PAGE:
“We frequently hear stories from travelers who cruise to accomplish a goal – from celebrating milestones with family members to crossing something off their bucket list,” said Jan Swartz, Princess Cruises executive vice president in a statement. “Sandy and Darren are a great example of how cruise travel can be both relaxing and rewarding. We’re inspired by their story and we’re honored they’ve chosen Princess to help them achieve their trekking goals.”

Catching up with the Trekking the Planet team in December, Darren and Sandy review their time in Africa and the Middle East as we see in this video:




The Van Soyes will complete their global journey in March.

[Photo Credit- Trekking The Planet]

10 Colorful Cities From Around The World

Manarola When many people think of cities, they picture concrete, skyscrapers, road work and steel. The truth is, however, there are many cities around the world with a more vibrant and colorful atmosphere. In fact, some of these places are so creative and beautiful, they are a work of art in themselves.

Deep blue structures reside next to loud pink and sunflower yellow houses, as hot orange and rich spring purple buildings sit across the street. Being able to see this fusion of colors in one place is reason enough to visit each of these unique cities.

For a more visual idea of colorful cities around the world, check out the gallery. Have a favorite colorful destination of your own? Tell us in the comments.

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[Images via Big Stock]

Five fantastic (and mostly budget-friendly) Chilean wines available in the U.S.

chilean winesChilean wine–if given any thought at all–has historically been considered cheap plonk; the Gallo of the Southern Hemisphere.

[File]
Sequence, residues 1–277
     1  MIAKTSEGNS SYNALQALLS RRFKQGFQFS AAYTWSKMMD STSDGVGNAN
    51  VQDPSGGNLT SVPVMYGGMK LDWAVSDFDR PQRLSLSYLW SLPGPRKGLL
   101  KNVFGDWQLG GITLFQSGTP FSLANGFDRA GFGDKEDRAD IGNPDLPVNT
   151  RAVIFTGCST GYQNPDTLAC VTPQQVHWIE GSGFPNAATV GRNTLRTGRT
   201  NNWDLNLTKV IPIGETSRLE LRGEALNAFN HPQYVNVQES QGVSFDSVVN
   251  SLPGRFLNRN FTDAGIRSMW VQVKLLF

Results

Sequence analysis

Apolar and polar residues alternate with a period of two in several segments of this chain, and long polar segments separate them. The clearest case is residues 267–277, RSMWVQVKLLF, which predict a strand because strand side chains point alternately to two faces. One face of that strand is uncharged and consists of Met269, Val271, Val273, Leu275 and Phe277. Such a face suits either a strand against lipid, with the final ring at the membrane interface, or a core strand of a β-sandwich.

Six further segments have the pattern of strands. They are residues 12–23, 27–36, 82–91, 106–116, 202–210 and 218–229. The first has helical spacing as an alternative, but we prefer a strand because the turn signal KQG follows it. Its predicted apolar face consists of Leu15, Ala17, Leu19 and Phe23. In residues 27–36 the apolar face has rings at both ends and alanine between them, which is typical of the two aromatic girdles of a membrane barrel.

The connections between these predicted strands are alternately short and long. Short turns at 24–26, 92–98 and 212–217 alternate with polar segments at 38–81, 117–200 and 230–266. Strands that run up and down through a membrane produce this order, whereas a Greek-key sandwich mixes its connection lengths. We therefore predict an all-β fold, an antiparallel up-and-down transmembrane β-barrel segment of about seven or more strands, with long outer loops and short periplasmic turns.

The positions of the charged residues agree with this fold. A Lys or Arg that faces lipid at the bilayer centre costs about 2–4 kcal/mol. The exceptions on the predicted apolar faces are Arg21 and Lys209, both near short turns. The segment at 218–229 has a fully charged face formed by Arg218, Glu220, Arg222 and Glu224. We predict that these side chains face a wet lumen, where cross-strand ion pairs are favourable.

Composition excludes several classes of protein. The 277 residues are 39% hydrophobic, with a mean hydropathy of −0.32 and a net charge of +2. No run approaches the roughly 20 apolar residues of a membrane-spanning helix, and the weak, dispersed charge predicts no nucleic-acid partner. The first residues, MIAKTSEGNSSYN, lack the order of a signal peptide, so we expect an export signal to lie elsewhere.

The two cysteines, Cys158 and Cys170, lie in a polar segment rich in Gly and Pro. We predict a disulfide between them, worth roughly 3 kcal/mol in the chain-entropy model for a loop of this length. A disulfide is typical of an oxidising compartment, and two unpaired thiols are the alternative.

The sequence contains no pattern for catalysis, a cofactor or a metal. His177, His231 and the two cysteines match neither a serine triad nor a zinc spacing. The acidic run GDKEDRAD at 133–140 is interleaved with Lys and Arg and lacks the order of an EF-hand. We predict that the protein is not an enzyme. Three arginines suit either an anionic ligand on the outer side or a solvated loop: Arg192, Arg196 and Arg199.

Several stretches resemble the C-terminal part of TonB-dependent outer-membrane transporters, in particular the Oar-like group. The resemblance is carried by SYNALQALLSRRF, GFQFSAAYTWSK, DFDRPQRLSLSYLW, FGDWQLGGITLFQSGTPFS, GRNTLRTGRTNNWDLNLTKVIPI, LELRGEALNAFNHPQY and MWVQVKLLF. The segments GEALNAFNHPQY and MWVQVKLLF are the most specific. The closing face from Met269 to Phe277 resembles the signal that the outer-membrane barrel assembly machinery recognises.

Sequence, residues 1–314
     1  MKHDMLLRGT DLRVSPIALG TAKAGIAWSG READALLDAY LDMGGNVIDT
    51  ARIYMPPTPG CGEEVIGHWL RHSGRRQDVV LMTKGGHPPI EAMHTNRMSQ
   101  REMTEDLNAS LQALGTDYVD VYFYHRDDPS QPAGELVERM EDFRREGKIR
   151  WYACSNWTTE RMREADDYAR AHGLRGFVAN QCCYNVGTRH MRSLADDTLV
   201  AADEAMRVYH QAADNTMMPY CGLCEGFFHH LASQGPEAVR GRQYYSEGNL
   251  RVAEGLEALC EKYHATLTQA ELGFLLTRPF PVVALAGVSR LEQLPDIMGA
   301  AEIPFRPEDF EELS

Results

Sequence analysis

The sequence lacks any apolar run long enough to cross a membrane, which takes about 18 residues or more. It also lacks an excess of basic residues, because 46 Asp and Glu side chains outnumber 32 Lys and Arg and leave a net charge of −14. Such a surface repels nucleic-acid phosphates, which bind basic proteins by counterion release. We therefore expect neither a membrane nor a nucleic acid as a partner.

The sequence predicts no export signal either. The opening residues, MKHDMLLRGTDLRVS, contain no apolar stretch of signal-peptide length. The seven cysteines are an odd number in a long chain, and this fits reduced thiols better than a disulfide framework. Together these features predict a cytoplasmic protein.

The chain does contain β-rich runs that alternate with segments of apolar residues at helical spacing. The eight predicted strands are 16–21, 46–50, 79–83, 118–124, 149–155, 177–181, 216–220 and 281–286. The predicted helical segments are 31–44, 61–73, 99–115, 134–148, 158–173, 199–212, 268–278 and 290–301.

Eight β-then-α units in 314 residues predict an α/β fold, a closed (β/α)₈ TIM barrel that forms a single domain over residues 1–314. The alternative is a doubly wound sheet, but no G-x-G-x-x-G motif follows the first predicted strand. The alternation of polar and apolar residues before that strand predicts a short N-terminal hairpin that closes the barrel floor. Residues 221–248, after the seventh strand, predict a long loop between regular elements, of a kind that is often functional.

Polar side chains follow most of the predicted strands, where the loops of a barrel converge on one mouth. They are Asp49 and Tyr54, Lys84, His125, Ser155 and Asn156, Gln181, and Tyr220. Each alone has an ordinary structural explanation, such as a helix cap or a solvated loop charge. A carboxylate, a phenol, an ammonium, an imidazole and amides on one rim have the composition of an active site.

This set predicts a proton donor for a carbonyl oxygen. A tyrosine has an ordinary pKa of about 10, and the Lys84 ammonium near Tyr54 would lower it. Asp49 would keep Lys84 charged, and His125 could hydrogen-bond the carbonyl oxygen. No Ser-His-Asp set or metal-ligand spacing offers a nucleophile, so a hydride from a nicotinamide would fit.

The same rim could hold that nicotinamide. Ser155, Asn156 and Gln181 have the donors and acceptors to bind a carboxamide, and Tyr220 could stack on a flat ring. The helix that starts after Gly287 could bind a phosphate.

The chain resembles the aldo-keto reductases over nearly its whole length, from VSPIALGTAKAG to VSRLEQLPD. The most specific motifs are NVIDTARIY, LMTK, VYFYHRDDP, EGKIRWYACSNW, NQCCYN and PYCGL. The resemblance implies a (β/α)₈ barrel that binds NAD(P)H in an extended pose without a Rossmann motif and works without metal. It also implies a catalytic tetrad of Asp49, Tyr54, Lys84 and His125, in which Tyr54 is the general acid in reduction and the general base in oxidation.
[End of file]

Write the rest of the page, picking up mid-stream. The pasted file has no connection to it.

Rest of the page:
Those days are over, baby. In recent years, Chile has become a contender with the wines of the more well-known Mendoza Valley in Argentina, just a very high-altitude hop over the Andes.

The central Chilean wine regions of Maipo, Colchagua, Casablanca, San Antonio, and Aconcagua Valleys (and their various sub-regions) are blessed with a Mediterranean climate; rolling hills; a lack of crowds and attitude; amazing diversity of varietals; affordable wines, and refreshing coastal breezes or stunning views of the nearby Andes. You’re not going to find all of that in Napa.

While in Chile last month, I visited a number of wineries in the above regions, and I was impressed by the quality of the wines. Modern Chilean winemakers are young, progressive, and well-trained, often in Europe or the U.S..

Below are five of my favorites, all of which are available here in the States. If you can’t find them at your local wine shop, they can be ordered online through your favorite retailer or via New York-based Puro Wines–the world’s first dedicated Chilean wine store.